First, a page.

Preventing Harassment and Discrimination in a Remote or Hybrid Workplace

Employee Culture in a Hybrid or Remote World

Preventing Harassment and Discrimination in a Remote or Hybrid Workplace

Employee doing remote harassment training
Author

Elizabeth Bille

In recent years, many employers made hybrid or even remote-first workforces the status quo. This incredible shift in where and when employees work, and how teams work together, has already reaped many positive outcomes: increased productivity, lower operating costs, broader talent pools to recruit from, and greater flexibility for employees. By many accounts, hybrid work environments have been a win-win for employers and employees alike.

But the transition to more distributed workforces does bring with it new challenges for employers to navigate–and get ahead of. One of these challenges is addressing the emerging, and disturbing, HR trend of online workplace harassment–all while legal compliance in this area is becoming more complex.

The growing problem of online harassment

Unfortunately, when employees transitioned to remote work environments en masse, so too did workplace harassment. According to one study, 25% of employees reported they have already experienced more gender-based harassment when working remotely, 10% reported increased race or ethnicity-based harassment, and 23% of employees who are over age 50 reported an uptick in harassment based on their age.

Remote work arrangements are likely creating the conditions for online harassment to flourish. Interestingly, the EEOC started warning employers in 2016 in its Select Taskforce Report that workplaces that are decentralized and workspaces that are isolated or remote have an increased risk of harassment.

Why might this be? It is likely caused by several factors, including:

  • Employees feeling less accountable for their behavior in a remote environment
  • Casualness and decreased civility of online communications
  • Lack of witnesses in remote spaces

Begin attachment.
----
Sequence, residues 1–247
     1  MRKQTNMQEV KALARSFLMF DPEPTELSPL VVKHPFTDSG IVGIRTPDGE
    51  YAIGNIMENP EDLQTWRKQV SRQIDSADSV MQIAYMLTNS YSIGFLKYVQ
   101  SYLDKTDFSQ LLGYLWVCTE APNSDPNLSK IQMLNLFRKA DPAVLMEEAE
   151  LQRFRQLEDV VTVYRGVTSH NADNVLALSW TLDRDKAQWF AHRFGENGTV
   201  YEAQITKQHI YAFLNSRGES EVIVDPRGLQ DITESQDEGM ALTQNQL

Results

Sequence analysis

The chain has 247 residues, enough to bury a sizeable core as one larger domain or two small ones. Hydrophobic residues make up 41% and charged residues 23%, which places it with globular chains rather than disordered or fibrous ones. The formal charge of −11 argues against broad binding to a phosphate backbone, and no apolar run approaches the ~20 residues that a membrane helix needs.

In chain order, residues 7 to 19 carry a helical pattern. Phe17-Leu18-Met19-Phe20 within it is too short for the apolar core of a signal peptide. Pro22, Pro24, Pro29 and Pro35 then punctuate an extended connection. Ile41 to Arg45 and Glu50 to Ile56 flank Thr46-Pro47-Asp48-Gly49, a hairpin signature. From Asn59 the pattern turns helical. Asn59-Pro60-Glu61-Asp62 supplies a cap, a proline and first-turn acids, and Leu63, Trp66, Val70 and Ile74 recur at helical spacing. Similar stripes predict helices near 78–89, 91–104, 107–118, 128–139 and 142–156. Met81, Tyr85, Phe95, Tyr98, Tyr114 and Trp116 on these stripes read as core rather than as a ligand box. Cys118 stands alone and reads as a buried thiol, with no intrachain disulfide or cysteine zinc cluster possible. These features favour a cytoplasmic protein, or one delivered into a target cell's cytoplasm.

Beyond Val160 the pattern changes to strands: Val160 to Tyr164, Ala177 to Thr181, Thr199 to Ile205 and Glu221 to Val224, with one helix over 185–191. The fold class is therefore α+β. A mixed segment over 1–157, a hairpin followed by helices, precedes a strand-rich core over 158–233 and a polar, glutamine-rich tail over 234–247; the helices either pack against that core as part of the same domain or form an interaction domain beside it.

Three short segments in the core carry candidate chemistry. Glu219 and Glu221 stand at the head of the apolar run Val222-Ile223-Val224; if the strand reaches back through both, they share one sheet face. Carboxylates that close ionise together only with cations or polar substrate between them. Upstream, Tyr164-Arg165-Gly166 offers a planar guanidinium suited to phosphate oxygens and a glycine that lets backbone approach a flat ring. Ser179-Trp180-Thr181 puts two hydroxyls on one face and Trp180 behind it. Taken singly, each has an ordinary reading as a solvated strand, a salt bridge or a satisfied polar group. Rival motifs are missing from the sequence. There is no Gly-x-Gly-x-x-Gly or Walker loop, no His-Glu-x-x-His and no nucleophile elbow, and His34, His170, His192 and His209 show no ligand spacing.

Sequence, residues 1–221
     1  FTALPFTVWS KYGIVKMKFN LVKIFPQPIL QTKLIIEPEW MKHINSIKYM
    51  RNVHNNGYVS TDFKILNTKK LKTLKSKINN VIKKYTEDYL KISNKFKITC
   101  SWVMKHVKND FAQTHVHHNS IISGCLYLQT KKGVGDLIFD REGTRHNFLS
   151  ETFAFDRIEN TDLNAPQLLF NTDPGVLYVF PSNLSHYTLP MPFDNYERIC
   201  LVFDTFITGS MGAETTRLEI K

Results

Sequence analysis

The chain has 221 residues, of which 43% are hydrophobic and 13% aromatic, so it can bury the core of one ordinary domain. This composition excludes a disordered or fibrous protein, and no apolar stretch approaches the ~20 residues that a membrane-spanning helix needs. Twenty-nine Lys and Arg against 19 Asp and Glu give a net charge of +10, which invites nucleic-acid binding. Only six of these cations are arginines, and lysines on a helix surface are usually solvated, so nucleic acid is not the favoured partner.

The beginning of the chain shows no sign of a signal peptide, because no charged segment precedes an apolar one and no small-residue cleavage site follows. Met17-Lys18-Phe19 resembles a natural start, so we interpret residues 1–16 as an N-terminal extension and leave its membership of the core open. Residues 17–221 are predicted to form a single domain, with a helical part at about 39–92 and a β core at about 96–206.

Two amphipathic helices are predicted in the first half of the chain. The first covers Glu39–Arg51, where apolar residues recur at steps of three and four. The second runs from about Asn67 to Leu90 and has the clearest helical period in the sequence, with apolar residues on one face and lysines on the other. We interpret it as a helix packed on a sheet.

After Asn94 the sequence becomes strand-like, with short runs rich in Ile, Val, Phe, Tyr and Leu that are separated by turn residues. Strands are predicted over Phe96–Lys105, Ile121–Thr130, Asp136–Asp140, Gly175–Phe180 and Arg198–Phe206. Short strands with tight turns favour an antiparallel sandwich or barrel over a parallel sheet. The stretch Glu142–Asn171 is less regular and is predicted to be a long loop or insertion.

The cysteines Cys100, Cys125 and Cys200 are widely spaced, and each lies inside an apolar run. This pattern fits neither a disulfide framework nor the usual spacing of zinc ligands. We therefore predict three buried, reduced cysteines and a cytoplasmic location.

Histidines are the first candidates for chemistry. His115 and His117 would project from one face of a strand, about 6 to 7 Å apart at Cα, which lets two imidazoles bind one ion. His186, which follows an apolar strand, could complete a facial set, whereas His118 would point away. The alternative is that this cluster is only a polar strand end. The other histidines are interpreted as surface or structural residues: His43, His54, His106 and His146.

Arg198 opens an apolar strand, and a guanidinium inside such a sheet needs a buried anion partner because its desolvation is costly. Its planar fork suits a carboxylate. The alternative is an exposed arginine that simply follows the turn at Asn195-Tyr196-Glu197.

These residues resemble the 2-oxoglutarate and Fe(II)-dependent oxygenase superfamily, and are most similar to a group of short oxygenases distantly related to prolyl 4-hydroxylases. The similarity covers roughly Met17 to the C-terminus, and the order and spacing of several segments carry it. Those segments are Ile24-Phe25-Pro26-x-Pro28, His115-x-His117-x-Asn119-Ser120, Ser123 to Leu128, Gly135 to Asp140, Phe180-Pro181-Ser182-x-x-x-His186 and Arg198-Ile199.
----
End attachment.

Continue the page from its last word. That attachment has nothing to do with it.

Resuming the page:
• Challenges in monitoring remote employee conduct
  • Constant digital access to employees, including after hours
  • Employees mistakenly believe the usual workplace policies and behavior expectations don’t apply outside the walls of a worksite.

Practical examples of online harassment

So, how is online harassment different from in-person harassment? What can it look or sound like in a remote work environment?

  • Insults in a chat feed
  • Sharing inappropriate memes, gifs, or photos
  • Texting jokes or offensive comments
  • Commenting negatively on pictures or religious/cultural items in a video background
  • Cyberstalking

New compliance challenges in a remote environment

A dispersed workforce is also creating challenges for employers who must comply with state workplace harassment prevention training mandates. Many states such as California, New York, Illinois, Connecticut, Delaware, and Maine, and cities such as New York City and Chicago, require employers to provide workplace training on harassment to employees and supervisors. The mandatory content of that training differs by location.

Now that many organizations have employees working across the nation, this makes delivery of compliant employee training even more complex. With a more dispersed employee base, convening teams together for in-person training sessions is much more expensive and impractical than before. In addition, employers may be subject to new harassment training mandates since their employees relocated to new states. For example, a supervisor in California may now have a team of employees working in New York, Connecticut, and Illinois–and each employee must receive unique information for where they work. And let’s be honest: telling certain employees during training to just “tune out” to information that is not relevant to them is a recipe for disengaged learners.

So how do employers comply with these legal training mandates? How do they get their employees the information they need while keeping them engaged? And, equally importantly, what can employers do to prevent the dramatic increase in online harassment from occurring in their remote or hybrid work environments?

A key solution: online workplace harassment prevention training

A great way to help address all of these tough organizational challenges is through digital training.

Implementing a well-designed and administered online employee training program enables you to save time, money, and effort. It can:

  • Easily and cost-effectively reach your employees wherever they now work, whether in an office, at a remote worksite, or at home. Check to make sure your workplace training is optimized for mobile devices for maximum reach.
  • Provide consistent anti-harassment and anti-discrimination training content and learning experiences across your workforce, avoiding the inconsistencies that may occur from different in-person trainers.
  • Ensure each employee receives the unique information they need to meet state or city laws wherever they are located.

An online employee training program can also build the awareness, knowledge, and skills in your workforce that is so critical for actually preventing the behaviors that can lead to harassment and discrimination in any work environment today.

As leaders of your organization, it is imperative to provide employees and managers with the training they need to encourage a collaborative and safe workplace, wherever they work. Doing so will help keep your employees engaged, retained, and productive–and your organization compliant with the law.

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